Asset prices are high and fear is low these days. This situation may continue for days, weeks, months, or years; but markets move in cycles. Some day, asset prices will decline. Investors will panic and drive markets even lower. Fear will paralyze investors. Even the deep value investors will be hesitant to buy assets below their intrinsic value, due to market technicals. When prices are low, it is emotionally difficult to buy. So remember to stay calm and buy the f*cking dip.
Not only am I flying to Hawaii for free tomorrow, I am getting an extremely good price in mileage terms. Here’s how you can do it too:
1. I signed up for a Chase credit card and received Chase Ultimate Rewards points as a sign-up bonus. Currently, the bonuses are 100k for Sapphire Reserve, 80k for Business Ink, and 50k for Sapphire Preferred (and you can sign-up for multiple cards if you really want to rack up the points)
2. Also registered for an account with British Airways.
3. Then transferred points from my Chase account to my British Airways account.
4. Searched for flights from the West Coast (SJC in my case) to Honolulu on Alaska Airlines, which happens to be a partner of British Airways.
5. Called British Airways and bought a round-trip Alaska Airlines flight for only 25k British Airways points.
The upside is that British Airways offers distance-based awards and most flights from the West Coast to Hawaii only cost 25,000 points (which is quite low for a $400-500 flight). The downside is that you can only purchase these over the phone, so you’ll also have to spend 60-90 minutes on hold before getting to speak to a British Airways rep. But I think its worth it, as even a family of four can fly to Hawaii for free simply by signing up for a credit card. Aloha!
Third and final post of a 3-part series. Read part 1 here and part 2 here. As a follow-up to this week’s mailbag question of whether China is buying up US real estate and debt, there is often an underlying fear (perpetuated by politicians running for office) that China has leverage over the US, because they can sell all of their US debt.
If China sells their US debt, they will have a lot of US Dollars (USD). Theoretically, I suppose they could just hold straight USD, but this is unlikely for a variety of reasons so let’s look at their realistic options:
- China could repatriate the cash, by exchanging USD for renminbi (RMB). But this would effectively be selling USD to buy RMB and would cause the USD to depreciate and the RMB to appreciate. If you’re an export-centric economy, why would you want your currency to appreciate against your main trading partner’s?
- China could exchange USD for other currencies, such as Euros (EUR), Yen (JPY), or Pounds (GBP). This would cause the USD to depreciate and those other currencies to appreciate. This is not an ideal outcome either though, since it would also drive the USD lower and the US is China’s largest trading partner. Presumably, the EUR, JPY, and GBP would strengthen and exports to those countries would do better though. However, I don’t see why these countries would buy USD just because China did not want it, especially if they had to increase their own money supply or buy more stuff from the US.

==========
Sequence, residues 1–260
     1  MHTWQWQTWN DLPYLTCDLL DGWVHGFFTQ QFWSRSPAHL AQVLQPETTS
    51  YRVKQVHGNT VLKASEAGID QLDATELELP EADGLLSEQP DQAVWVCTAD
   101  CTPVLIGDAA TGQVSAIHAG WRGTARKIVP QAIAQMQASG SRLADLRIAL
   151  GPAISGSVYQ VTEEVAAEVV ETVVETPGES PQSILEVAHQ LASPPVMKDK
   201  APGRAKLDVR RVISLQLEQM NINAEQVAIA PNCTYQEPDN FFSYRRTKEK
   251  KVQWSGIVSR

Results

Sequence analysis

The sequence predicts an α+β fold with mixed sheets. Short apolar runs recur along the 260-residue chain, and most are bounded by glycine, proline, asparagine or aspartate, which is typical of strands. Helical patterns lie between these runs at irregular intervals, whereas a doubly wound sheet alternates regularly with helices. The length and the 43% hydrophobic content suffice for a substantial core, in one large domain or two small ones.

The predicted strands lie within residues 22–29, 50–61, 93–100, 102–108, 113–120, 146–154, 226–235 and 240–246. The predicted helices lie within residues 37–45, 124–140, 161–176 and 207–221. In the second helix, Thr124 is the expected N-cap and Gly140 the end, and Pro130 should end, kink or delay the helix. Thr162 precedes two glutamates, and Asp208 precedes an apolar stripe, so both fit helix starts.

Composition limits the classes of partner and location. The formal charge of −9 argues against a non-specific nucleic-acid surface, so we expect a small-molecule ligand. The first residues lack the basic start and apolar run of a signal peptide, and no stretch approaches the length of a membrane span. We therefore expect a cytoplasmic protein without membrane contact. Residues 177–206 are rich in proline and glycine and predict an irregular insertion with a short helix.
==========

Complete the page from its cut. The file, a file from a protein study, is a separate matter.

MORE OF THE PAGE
As you can see, China does not have a lot of options. Just as they’re more or less forced to buy US debt, they’re more or less forced to hold it. So the next time a politician starts warning about China owning and selling US debt, call BS!
Part 2 of 3 part series. Find part 1 here.
Today we’ll be looking at the second part of Matthew W’s question: Is China really buying up all our houses and debt and does it matter?
No, the Chinese do not buy all of our debt, but they do buy a lot of it. The below chart is a few years old, but I like how it illustrates the data and the percentages have not changed drastically (although Japan now holds slightly more US debt than China).
Before getting into the implications, let’s look at why China buys US debt.
The US buys a lot of stuff from China. A lot. Like the most stuff one country has ever bought from another.
When someone in the US buys something from someone in China, the American buyer sends US Dollars (USD) to the Chinese seller. The Chinese seller now has USD, which is not very useful in China. So the Chinese seller exchanges his USD for renminbi (RMB), with the government. Now, the government has a bunch of USD.
The Chinese government has trillions of USD, so they have a lot left over even after spending and investing hundreds of billions of it. Rather than holding over a trillion in cash, they buy US Treasuries, AKA US debt. There’s little else that you can do when you have that much cash. This, China is more or less forced to own a lot of US debt due to the trade surplus that they have with the US.
Every election cycle includes politicians railing against the fact that we’re indebted to China and they control us. But let’s look beyond the rhetoric and see if China’s lending to us matters at all, much less in a negative way. A few important points:
- There’s an old joke that if you owe the bank hundreds, that’s your problem. If you owe the bank millions, that’s their problem. In all seriousness, this is sovereign debt, not collateralized by anything. China does not have a claim on US assets or the right to repossess anything.
- US debt is owed in a currency that the US can print at will. Domestic politics may create situations where the US does not have the willingness to pay (a la the debt ceiling debacles in Congress), but it will always have the ability to pay.
- Given the above, having a large trade deficit where China holds our debt does not seem like a bad situation. We buy actual, physical goods with money…that we print. And they’re forced to buy our debt with it. We send paper and electronic currency and we get real things back.
- Lastly, the marginal demand for debt from China probably keeps US rates lower than they’d be otherwise.
The next and final post of this series will look at the question of whether China can or will sell their US debt and the possible implications. Stay tuned.